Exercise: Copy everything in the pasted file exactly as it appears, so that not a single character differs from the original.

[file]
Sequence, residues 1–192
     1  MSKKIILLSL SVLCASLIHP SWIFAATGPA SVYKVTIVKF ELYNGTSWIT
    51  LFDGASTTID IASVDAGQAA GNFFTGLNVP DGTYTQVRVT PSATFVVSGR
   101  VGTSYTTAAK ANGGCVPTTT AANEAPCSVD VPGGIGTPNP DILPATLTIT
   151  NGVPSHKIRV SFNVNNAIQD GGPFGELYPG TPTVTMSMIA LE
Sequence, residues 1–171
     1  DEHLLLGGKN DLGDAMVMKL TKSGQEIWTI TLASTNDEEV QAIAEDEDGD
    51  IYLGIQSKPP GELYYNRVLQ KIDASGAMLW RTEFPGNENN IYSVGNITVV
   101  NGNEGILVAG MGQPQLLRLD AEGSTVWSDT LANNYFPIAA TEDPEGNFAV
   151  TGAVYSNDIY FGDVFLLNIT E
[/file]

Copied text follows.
Sequence, residues 1–192
     1  MSKKIILLSL SVLCASLIHP SWIFAATGPA SVYKVTIVKF ELYNGTSWIT
    51  LFDGASTTID IASVDAGQAA GNFFTGLNVP DGTYTQVRVT PSATFVVSGR
   101  VGTSYTTAAK ANGGCVPTTT AANEAPCSVD VPGGIGTPNP DILPATLTIT
   151  NGVPSHKIRV SFNVNNAIQD GGPFGELYPG TPTVTMSMIA LE
Sequence, residues 1–171
     1  DEHLLLGGKN DLGDAMVMKL TKSGQEIWTI TLASTNDEEV QAIAEDEDGD
    51  IYLGIQSKPP GELYYNRVLQ KIDASGAMLW RTEFPGNENN IYSVGNITVV
   101  NGNEGILVAG MGQPQLLRLD AEGSTVWSDT LANNYFPIAA TEDPEGNFAV
   151  TGAVYSNDIY FGDVFLLNIT E